- Yale New Haven Hospital broke ground Aug. 31 on a new $838 million neurosciences center, according to a project press release. Turner Construction will serve as the general contractor of the project, according to Mark D’Antonio, media relations coordinator at the hospital.
- The 505,000-square-foot project will include two new patient facilities and 201 inpatient beds. It will be the largest project of its kind in Connecticut history, according to the release.
- The project will create hundreds of construction jobs as well as new positions at Yale New Haven Hospital, said Justin Elicker, mayor of New Haven, Connecticut.
Healthcare construction remains strong despite surging costs, with spending in the sector near all-time highs.
The Yale New Haven hospital was officially announced on April 29, 2019, but its start was delayed because of the COVID-19 pandemic.
Costs for prevalent materials in hospital projects, like concrete and structural steel, have “seen significant increases over what they cost over the last 24 months,” said Chris Dunn, a health care construction lawyer at Epstein Becker Green.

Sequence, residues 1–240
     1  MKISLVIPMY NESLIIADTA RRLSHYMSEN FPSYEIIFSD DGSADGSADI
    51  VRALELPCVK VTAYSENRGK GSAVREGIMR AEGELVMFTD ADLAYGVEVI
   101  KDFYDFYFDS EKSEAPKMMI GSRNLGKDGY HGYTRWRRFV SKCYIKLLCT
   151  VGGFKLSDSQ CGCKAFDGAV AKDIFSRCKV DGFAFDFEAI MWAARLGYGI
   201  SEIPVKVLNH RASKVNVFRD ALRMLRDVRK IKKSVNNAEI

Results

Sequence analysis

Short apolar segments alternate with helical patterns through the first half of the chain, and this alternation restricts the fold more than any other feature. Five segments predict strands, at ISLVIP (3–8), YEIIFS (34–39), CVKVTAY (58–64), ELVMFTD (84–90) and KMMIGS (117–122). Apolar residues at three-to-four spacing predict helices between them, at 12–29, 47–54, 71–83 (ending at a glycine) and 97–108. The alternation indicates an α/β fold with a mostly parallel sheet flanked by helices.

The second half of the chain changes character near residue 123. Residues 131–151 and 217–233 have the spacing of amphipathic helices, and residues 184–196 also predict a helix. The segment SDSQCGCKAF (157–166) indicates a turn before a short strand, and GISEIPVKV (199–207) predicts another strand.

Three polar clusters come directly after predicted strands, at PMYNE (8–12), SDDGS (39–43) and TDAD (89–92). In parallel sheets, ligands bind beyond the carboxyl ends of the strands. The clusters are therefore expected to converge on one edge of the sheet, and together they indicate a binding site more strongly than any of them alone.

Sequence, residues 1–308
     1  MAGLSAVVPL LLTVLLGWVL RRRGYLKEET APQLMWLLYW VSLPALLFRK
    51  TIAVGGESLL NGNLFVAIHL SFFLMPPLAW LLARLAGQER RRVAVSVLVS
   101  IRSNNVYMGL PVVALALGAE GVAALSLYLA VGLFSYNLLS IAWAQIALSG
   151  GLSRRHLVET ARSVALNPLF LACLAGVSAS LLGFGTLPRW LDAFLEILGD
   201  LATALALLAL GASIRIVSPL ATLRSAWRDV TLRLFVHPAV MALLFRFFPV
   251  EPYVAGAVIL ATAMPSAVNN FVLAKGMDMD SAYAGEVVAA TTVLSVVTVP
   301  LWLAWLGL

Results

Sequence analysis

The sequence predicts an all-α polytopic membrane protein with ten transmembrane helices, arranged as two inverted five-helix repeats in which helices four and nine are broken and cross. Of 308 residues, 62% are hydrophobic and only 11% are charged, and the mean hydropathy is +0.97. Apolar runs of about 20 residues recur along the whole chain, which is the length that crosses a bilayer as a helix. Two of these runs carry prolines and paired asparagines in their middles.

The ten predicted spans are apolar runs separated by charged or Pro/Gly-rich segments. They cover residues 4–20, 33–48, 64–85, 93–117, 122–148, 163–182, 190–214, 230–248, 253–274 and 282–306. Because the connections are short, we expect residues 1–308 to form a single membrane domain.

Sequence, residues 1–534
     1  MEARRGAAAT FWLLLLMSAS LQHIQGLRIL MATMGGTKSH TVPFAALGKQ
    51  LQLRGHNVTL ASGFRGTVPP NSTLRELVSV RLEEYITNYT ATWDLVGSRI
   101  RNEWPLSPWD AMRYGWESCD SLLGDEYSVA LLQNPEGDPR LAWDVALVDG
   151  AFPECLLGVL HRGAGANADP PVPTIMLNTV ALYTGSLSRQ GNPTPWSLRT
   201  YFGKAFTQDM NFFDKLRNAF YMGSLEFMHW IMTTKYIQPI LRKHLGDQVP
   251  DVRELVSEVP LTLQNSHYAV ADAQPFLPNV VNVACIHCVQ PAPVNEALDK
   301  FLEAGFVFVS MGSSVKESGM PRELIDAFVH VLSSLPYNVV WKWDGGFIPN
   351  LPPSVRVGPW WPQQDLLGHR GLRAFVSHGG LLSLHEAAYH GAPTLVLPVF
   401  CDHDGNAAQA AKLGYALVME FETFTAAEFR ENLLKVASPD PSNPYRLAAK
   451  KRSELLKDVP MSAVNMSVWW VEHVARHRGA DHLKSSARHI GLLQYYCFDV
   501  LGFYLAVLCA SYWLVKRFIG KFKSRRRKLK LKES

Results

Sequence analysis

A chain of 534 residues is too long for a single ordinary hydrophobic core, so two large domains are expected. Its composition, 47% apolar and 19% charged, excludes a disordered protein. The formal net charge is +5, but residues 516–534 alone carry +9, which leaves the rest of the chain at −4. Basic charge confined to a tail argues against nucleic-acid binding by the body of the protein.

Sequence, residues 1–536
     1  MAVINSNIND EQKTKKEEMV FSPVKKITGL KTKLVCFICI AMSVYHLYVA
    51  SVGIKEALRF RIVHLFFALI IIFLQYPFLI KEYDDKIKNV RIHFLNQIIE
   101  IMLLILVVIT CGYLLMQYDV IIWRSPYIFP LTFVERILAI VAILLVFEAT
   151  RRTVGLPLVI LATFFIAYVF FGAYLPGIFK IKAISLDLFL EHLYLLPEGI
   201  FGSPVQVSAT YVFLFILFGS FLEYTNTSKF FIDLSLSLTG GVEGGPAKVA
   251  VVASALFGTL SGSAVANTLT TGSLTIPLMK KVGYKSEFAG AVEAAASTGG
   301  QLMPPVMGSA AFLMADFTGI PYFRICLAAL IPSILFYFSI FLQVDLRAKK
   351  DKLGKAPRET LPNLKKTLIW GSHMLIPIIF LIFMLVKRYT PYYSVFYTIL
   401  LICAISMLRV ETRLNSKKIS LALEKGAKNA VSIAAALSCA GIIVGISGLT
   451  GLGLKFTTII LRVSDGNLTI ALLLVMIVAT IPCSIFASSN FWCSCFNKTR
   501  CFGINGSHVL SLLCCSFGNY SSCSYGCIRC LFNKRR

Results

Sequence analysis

But that has not stopped massive healthcare projects, like the Yale New Haven hospital, from moving forward.
The new center will consist of two patient bed towers, the Sherman tower adjacent to Sherman Avenue and McGivney tower built atop of the existing McGivney Center.
Both towers will share a common podium that will house the new entrance and the main lobby on the first floor, neurosurgery and radiology spaces on the second floor and caregiver spaces and the mechanical equipment room on the third floor.
The hospital will provide enhanced access to state-of-the-art care from movement disorders to neuro-regeneration for patients, according to the release.
“When there’s a downturn, and objectively we’re trending that way, there’s a fair amount of attention that design professionals and contractors give towards the healthcare sector because it’s durable,” said Dunn. “It usually stays pretty much in demand, even in down cycles.”